What is a Tax Liability?
Tax liability refers to the amount legally owed to a taxing authority as the result of a taxable event.
How Does a Tax Liability Work?
A tax liability might also be called a "tax obligation."
A tax authority -- such as a local, state or national government -- imposes taxes upon individuals, organizations and corporations to fund social programs and administrative roles. Taxable events include earning taxable income, having sales, receiving or issuing payroll, etc.. These taxes are legally binding.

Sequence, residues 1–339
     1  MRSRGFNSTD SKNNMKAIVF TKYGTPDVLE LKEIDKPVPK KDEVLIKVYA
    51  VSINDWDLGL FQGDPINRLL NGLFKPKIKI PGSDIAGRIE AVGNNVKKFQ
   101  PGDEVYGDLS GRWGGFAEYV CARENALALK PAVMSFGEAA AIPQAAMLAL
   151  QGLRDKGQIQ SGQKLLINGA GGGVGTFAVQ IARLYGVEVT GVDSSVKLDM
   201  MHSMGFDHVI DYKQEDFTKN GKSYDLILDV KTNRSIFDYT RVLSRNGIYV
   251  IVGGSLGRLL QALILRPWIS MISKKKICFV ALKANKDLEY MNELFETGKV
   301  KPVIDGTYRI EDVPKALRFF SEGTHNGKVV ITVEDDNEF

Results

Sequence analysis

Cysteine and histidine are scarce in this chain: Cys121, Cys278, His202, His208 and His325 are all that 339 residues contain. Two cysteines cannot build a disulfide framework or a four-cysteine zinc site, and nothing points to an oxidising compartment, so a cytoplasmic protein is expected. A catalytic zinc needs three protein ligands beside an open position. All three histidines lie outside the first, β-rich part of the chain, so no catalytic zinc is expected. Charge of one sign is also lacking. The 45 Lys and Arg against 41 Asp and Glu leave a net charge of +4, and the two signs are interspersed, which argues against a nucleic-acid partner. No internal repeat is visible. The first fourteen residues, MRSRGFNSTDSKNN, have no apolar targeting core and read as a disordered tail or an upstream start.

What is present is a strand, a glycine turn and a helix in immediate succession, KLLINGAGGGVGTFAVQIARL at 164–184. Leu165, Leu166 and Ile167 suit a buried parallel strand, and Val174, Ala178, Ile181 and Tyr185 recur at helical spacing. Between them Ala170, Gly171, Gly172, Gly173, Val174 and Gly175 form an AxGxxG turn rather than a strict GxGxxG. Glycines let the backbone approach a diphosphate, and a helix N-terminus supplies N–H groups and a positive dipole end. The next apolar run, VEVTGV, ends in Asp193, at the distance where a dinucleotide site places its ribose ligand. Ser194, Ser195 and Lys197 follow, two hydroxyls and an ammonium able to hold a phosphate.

Why Does a Tax Liability Matter?
Taxes are important to maintaining all types of government and ruling systems. Entities can be fined, assets liquidated and even jailed for failing to pay their tax obligations.
Tax havens are countries that enforce little to no tax liability.
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